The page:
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CAUTION: Contains ammonia. Harmful if swallowed. Avoid prolonged contact with skin or any contact with eyes. Do not mix with chlorine or cleaners containing chlorine. This can produce a poisonous gas. Do not allow contact with aluminum.
These instructions apply to Epson, Canon, Brother and other printers where the head is inaccessible in the printer. It does not apply to most HP and a few Canon or others where the head is in the cartridge or easily removed from the printer. It also does not apply to the Epson Workforce PRO series which use the extra large cartridges which resemble VCR tapes.
We provide the syringe with two pieces of tubing. One (transparent or with a green tinge) comes mounted and is approximately 3/16 of an inch, the other (black) is separate and is 1/4 of an inch. If you find the smaller one too tight or difficult to fit around the pin, remove it and use the other one. The tubing does not have to fit tightly on the printer. A gap is fine and even desired since when the tubing is tight, it becomes difficult to push down the plunger. Too much pressure on the printer head can damage it, so never force anything. I personally have no problem with either tubing but I find the wider one is easier to use. You only need a few drops of solution to reach the head so some spillage around the pin is normal and it will all evaporate.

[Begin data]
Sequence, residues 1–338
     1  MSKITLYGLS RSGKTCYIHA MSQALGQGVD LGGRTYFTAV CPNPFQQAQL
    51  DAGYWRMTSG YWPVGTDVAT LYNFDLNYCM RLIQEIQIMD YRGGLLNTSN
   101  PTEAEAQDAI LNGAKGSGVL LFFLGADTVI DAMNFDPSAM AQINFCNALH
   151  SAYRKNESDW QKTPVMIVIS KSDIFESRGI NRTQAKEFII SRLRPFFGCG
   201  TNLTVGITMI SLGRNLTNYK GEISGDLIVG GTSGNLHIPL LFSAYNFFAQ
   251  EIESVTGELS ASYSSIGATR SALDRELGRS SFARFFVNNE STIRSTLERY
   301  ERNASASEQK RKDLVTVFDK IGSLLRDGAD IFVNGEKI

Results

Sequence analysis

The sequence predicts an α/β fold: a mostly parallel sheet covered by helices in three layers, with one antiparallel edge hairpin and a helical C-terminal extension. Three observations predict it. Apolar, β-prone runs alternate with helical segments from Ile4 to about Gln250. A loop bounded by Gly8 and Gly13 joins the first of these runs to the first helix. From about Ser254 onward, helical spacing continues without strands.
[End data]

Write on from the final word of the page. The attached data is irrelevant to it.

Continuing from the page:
Print a nozzle check and note which colors need cleaning. There is no reason to clean heads which are printing properly.
step 1 is if needed. Artisan and some Expression printers do not have a cartridge change mode since the cartridges are always available to be removed.
- Set the printer to the replace cartridge change mode.
- Remove all the ink cartridges from the printer and turn off the printer.
Some video instructions show putting paper towels under the cartridges. I have never done this and don't recommend it since paper lint can cause an even bigger clog.
Here are the video instructions for a similar and far more expensive product.